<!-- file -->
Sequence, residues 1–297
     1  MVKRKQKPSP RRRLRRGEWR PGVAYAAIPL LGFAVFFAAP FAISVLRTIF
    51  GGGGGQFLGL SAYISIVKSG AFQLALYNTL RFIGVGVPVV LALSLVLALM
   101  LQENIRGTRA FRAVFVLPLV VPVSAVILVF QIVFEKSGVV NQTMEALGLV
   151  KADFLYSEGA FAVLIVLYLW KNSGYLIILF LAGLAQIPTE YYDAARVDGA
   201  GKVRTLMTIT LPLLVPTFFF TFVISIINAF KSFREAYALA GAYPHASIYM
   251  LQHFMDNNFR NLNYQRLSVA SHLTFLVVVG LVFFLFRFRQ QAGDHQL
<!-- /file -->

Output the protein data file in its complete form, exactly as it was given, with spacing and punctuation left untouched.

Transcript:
Sequence, residues 1–297
     1  MVKRKQKPSP RRRLRRGEWR PGVAYAAIPL LGFAVFFAAP FAISVLRTIF
    51  GGGGGQFLGL SAYISIVKSG AFQLALYNTL RFIGVGVPVV LALSLVLALM
   101  LQENIRGTRA FRAVFVLPLV VPVSAVILVF QIVFEKSGVV NQTMEALGLV
   151  KADFLYSEGA FAVLIVLYLW KNSGYLIILF LAGLAQIPTE YYDAARVDGA
   201  GKVRTLMTIT LPLLVPTFFF TFVISIINAF KSFREAYALA GAYPHASIYM
   251  LQHFMDNNFR NLNYQRLSVA SHLTFLVVVG LVFFLFRFRQ QAGDHQL